On April 10, 2016, I was flying back from North Carolina in to LAX and I was looking out the window down at the ground as most people do while flying and I was really surprised at how you can tell when you enter Los Angeles from the sky; especially at night, it’s an island of the sky and land. I might be pushing the limits of what Los Angles is, but flying over the from the darkness to the east of the San Bernardino your eyes are flooded with a vast expanse of tungsten lights that might as well be an island of lights, because all that has been viewed out the small airplane window for hours has been an ocean of darkness.
I’m writing about this, because although there is so much to learn and observe in Los Angeles that when you leave this giant expanse of industry and people you realize how much of an imagined space it is; whether through TV screens or popular culture it is imagined in so many ways. The fast paced lifestyle and mass amounts of people squeezed into a relatively small amount of land create a place so desirable from the rest of the country and even the world that when you’re part of it, the people sometimes forget how unique the space they learn, work, and live in is so unique, almost an experiment of society.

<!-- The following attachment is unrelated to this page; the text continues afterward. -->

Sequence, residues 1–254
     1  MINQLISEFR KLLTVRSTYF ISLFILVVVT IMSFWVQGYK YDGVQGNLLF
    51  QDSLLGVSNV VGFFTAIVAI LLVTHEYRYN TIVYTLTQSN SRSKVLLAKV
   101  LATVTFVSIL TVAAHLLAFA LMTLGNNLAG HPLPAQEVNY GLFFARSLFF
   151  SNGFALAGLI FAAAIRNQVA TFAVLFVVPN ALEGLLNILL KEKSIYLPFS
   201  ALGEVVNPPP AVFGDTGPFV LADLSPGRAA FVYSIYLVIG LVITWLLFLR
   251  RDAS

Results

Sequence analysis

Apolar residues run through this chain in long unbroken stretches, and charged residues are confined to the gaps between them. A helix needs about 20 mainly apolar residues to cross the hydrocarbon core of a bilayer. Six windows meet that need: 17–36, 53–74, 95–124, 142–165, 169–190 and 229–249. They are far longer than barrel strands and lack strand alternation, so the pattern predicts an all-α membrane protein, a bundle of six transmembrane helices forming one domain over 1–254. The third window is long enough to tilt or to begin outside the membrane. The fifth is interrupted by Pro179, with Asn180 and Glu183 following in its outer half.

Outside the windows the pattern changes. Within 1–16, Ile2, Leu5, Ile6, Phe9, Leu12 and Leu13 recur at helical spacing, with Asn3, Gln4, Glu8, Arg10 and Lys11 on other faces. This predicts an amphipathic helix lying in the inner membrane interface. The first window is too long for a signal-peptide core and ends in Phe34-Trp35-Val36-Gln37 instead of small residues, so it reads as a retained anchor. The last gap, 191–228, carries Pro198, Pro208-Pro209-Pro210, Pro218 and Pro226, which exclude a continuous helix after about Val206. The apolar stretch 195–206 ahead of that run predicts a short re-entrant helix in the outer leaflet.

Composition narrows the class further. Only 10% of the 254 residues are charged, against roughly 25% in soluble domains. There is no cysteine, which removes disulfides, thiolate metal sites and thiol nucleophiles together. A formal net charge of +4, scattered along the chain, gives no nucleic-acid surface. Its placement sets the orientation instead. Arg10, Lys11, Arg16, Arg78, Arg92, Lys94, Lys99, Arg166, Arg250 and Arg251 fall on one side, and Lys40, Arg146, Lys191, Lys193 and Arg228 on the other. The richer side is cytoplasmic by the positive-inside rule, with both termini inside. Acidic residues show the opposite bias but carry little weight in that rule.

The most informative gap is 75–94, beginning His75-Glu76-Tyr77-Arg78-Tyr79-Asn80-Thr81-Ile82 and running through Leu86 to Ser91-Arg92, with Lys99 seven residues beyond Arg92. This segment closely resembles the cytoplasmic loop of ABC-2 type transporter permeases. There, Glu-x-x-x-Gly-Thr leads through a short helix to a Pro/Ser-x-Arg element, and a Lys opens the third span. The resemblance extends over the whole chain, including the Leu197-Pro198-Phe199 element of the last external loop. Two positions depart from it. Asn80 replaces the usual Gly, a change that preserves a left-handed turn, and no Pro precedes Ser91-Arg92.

I guess where I am getting with this post is that Los Angeles is unique whether viewed from the land or the sky and that Hollywood movies can create whatever they want this imagined space to be, because besides the downtown skyline, Hollywood sign, and images of Beverly Hills Mansions, what is seen from the Sky above Los Angles can be anything once on the ground.